RESPONSE No. 6: The commenter's point about conflicts is well-taken, but the CSI disagrees with modifying the rule. Conflicts of interest can be addressed after the notice of dispute has been filed and an independent reviewer has been assigned. Since this process is a non-binding but necessary step before filing legal action, the overarching goal of these rules is to establish as expedient and economical process as possible. The CSI believes that consolidating notices of dispute as much as possible helps to meet that goal. Finally, given the narrow issue this process is designed to resolve—what is a fair market price for an air ambulance service—it is unlikely that separate matters would have significantly differing issues involved. 


COMMENT No. 7: Two commenters suggested removal of the one-time substitution of independent reviewers contained in New Rule V. One of those commenters noted that there are likely to be conflicts of interest with multiple reviewers, given the small population of this state, and suggested the rule provide for unlimited substitutions for conflicts of interest. The second commenter suggested additional rule language allowing for the commissioner to review requests for removal because of conflicts of interest. The second commenter also suggested language allowing for a request for removal within ten days of discovering new evidence of a potential conflict of interest for the independent reviewer. 


RESPONSE No. 7: The CSI agrees with these comments, and has modified New Rule V to allow for multiple requests for substitution due to conflicts of interest. The CSI has also included language regarding the discovery of new evidence, and allowing for the commissioner to review additional requests for substitution. Finally, the CSI added language expressly allowing independent reviewers to recuse themselves if they believe a conflict exists.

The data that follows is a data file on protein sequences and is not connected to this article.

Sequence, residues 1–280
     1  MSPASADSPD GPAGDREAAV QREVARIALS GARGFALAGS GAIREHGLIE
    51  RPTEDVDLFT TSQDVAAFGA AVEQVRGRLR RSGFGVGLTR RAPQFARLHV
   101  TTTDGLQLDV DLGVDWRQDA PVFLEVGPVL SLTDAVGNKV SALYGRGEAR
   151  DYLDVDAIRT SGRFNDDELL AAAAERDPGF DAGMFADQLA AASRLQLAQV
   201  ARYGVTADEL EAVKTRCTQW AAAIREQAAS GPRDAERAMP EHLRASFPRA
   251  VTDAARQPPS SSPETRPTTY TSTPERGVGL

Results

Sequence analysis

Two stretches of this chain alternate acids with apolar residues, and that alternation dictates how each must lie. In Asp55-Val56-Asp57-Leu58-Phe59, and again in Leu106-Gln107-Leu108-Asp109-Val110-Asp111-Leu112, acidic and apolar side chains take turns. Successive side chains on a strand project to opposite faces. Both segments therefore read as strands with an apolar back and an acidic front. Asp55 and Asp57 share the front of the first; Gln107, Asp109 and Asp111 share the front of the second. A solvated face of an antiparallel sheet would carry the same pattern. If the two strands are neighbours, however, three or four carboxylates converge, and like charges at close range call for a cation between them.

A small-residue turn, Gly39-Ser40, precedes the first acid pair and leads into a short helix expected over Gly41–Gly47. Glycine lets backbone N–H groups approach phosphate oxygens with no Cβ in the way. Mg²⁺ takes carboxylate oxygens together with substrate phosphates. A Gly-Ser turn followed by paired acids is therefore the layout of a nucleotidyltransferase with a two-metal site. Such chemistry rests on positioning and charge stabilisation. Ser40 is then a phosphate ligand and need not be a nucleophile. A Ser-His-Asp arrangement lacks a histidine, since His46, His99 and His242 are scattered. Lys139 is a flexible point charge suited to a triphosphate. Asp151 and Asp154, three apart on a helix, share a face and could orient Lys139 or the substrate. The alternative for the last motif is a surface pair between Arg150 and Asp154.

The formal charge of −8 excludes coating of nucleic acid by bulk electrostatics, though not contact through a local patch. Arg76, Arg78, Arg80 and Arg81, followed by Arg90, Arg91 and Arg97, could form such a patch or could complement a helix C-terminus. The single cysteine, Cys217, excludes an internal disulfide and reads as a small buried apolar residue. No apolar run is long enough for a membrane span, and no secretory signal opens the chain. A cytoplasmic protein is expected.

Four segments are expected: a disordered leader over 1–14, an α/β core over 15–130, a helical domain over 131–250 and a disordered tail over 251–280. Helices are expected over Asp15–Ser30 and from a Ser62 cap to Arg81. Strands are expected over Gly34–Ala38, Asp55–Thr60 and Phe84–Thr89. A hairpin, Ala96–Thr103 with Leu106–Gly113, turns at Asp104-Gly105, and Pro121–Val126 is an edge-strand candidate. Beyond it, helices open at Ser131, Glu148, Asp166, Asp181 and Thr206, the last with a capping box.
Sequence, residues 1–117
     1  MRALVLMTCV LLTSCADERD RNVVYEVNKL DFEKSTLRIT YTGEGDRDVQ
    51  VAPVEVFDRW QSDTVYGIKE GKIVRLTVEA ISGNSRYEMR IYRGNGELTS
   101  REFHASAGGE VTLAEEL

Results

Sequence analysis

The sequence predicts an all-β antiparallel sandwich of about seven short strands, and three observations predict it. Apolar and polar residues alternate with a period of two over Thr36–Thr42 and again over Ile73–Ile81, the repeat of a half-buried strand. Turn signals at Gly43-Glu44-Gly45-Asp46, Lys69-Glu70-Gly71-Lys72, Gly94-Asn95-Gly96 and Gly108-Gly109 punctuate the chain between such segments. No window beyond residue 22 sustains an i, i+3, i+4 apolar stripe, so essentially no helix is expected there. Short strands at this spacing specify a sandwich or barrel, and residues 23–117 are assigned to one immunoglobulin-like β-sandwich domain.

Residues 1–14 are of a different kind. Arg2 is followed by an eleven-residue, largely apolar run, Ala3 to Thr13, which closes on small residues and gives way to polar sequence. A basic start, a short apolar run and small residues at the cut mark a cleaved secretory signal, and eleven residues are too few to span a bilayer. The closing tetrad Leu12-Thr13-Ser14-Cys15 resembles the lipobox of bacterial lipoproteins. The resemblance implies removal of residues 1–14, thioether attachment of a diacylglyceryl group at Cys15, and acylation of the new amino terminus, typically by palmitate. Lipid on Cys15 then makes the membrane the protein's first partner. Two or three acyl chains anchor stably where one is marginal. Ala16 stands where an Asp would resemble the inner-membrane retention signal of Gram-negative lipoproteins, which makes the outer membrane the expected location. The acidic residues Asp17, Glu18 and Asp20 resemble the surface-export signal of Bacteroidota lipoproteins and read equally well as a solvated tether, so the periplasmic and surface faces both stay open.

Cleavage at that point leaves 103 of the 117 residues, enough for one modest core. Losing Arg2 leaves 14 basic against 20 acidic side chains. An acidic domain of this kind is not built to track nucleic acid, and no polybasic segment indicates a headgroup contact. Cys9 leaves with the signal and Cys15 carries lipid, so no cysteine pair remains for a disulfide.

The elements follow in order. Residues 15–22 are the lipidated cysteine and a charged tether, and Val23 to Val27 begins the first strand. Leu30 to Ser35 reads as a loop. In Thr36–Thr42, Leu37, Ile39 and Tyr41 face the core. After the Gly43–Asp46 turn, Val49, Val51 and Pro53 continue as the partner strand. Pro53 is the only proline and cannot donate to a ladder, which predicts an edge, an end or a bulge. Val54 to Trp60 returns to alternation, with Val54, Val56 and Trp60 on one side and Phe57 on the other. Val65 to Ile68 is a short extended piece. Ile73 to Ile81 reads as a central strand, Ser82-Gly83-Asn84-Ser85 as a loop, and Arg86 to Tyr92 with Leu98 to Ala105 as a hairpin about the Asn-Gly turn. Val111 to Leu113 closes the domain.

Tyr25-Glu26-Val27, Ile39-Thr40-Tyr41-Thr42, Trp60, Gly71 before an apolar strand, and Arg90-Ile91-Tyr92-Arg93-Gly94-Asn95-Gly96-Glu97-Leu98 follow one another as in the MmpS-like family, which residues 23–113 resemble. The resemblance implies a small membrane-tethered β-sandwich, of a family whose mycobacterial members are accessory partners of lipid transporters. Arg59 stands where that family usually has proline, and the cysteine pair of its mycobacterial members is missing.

COMMENT No. 8: One commenter requested the inclusion of language to New Rule V requiring that any time an independent reviewer is appointed by the CSI, the CSI will send the reviewer's curriculum vitae to the parties. The commenter stated that the purpose would be for the parties to identify potential conflicts of interest. 


RESPONSE No. 8: The CSI disagrees that it should collect and send out such information every time an independent reviewer is selected. Given the limited number of potential participants in this arbitration process, providing a curriculum vitae would not be necessary in most instances. Also, the CSI believes a curriculum vitae would not identify many potential conflicts of interest. This does not preclude a party from requesting such information whenever they feel it is necessary. 


COMMENT No. 9: One commenter requested that New Rule VI be changed from "preliminary hearing" to "preliminary conference" to avoid confusion with New Rule IX and New Rule X, which provide for an actual hearing. 


RESPONSE No. 9: The CSI agrees with the commenter, and has changed New Rule VI accordingly.


COMMENT No. 10: One commenter suggested two additions to the list of topics that must be addressed at a preliminary conference under New Rule VI. The first requested addition was for "any anticipated discovery issues" and the second was for "any other matters[.]"


RESPONSE No. 10: The CSI disagrees that it is necessary to include those two additions to the express list of topics in New Rule VI. The list is not meant to be exhaustive, and those topics may be raised by any party in any conference, but they do not have to be.